A Volvo XC90 SUV decked out in the sensors Uber uses to see the world plowed through the intersection
A Volvo XC90 SUV decked out in the sensors Uber uses to see the world plowed through the intersection roughly three seconds after the light went red, and as a pedestrian was stepping into the crosswalk. In a statement, Uber spokesperson Chelsea Kohler said the car was being operated by its human driver at the time and had no passengers aboard, and that Uber has suspended that driver while it investigates.
Even if it was a human at the wheel, it’s bad news on the day Uber announced it’s welcoming passengers aboard its fleet of driverless cars in the city, and that it’s doing so without filing for an autonomous testing permit with the California DMV. Declining to do that likely means Uber doesn’t have to publicly report things like crashes and “disengagements”—when the human operator takes control to make sure the car operates safely.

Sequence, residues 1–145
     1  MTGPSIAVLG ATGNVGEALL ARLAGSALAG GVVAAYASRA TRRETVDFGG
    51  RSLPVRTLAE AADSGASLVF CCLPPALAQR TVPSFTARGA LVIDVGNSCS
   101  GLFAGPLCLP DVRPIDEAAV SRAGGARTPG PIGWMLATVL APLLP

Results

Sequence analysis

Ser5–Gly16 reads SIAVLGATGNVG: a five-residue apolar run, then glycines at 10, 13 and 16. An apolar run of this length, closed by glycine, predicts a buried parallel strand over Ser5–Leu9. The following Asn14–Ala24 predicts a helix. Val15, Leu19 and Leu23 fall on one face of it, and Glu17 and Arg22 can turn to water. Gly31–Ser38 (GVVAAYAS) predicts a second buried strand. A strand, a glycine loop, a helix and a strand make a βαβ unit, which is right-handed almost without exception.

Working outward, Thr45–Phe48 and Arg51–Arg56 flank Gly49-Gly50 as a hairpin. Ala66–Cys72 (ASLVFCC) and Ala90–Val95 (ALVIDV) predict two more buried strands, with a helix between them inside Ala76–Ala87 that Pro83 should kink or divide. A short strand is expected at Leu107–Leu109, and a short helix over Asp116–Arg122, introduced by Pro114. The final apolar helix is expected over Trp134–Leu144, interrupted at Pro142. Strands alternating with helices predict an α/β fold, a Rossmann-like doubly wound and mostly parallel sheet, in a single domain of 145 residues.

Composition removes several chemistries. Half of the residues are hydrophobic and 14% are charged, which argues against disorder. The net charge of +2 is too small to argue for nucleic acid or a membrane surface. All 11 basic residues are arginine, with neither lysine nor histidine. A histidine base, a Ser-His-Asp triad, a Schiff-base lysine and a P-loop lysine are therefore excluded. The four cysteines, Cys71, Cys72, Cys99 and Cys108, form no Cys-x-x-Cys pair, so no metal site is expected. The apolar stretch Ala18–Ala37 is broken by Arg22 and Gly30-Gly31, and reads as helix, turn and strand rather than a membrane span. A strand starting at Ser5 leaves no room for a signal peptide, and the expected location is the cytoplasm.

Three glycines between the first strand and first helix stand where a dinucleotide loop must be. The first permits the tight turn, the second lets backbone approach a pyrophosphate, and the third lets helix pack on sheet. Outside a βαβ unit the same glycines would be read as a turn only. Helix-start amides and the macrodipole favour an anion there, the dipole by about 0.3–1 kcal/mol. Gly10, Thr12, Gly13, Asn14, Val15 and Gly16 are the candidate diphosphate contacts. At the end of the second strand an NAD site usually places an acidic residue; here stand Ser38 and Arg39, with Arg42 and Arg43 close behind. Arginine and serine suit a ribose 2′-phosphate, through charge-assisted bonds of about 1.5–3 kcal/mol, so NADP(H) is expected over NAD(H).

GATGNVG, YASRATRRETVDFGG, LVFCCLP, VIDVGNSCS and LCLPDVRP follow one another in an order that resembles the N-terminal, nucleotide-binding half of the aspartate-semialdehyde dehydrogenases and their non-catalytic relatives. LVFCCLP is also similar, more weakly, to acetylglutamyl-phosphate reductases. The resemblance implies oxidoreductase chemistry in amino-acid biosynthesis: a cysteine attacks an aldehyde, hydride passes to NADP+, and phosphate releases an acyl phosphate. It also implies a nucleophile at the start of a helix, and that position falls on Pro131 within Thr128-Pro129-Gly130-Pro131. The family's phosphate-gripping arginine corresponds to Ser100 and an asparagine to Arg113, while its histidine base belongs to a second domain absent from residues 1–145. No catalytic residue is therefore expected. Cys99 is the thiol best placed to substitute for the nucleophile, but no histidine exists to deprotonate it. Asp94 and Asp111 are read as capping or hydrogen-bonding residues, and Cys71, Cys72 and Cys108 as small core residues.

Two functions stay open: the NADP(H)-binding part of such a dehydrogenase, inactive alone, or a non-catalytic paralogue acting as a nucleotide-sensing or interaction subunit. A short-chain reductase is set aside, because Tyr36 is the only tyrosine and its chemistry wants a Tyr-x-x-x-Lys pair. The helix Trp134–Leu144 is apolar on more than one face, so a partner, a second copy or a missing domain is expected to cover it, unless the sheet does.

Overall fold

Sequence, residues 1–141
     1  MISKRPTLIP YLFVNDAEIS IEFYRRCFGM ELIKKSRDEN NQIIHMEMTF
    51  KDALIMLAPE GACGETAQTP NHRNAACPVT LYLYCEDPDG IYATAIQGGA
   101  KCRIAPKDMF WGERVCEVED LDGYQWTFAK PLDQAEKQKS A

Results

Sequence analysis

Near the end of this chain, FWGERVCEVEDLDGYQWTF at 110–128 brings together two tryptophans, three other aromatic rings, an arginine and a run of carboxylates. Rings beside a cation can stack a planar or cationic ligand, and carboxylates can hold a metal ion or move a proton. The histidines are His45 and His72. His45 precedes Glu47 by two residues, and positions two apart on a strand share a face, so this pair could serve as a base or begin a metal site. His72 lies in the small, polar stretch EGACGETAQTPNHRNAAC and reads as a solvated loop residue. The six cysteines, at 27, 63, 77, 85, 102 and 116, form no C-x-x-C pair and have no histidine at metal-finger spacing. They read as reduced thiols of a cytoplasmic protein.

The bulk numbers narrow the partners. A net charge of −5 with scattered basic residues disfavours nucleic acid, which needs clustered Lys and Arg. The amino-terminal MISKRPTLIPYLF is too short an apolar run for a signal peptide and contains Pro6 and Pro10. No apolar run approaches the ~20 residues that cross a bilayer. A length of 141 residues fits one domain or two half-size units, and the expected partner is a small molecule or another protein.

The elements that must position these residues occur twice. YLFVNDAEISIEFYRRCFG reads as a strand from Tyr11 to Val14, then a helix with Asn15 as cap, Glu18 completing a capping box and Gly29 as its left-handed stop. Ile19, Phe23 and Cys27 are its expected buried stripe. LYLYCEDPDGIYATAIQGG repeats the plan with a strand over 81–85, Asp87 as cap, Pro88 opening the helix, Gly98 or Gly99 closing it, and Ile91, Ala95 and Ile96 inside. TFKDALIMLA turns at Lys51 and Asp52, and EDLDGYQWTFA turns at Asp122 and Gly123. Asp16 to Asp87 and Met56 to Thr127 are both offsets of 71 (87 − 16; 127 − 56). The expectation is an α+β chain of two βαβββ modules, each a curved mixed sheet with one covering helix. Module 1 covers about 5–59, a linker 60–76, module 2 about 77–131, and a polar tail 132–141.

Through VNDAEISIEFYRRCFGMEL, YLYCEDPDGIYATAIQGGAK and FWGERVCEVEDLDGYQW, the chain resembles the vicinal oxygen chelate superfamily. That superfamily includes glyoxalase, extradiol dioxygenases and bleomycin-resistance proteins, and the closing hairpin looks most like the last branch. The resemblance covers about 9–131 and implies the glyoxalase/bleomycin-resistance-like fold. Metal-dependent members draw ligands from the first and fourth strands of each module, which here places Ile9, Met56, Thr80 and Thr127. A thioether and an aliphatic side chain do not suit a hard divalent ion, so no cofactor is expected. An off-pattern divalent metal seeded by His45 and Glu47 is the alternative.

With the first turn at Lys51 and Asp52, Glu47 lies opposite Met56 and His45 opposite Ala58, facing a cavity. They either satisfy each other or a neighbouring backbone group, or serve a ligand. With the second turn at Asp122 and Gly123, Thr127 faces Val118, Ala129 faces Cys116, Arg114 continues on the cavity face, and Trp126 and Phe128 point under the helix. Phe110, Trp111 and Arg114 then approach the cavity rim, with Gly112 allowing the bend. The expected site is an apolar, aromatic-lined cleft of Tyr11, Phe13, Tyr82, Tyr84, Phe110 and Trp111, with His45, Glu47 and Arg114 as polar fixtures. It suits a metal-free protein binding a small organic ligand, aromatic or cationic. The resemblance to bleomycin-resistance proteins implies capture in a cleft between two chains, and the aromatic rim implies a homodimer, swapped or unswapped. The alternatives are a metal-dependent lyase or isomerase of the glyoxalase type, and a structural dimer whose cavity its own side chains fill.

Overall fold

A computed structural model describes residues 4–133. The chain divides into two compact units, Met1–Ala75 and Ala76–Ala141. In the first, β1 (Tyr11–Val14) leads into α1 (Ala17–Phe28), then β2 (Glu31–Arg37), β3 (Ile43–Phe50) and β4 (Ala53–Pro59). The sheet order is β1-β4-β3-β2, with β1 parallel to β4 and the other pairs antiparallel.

In a letter sent to Uber self-driving chief Anthony Levandowski on Wednesday afternoon, California DMV counsel Brian Soublet said that if Uber does not immediately confirm it will stop testing and seek a permit, the DMV will take legal action and seek an injunction. Uber did not immediately respond to a request for comment on the letter.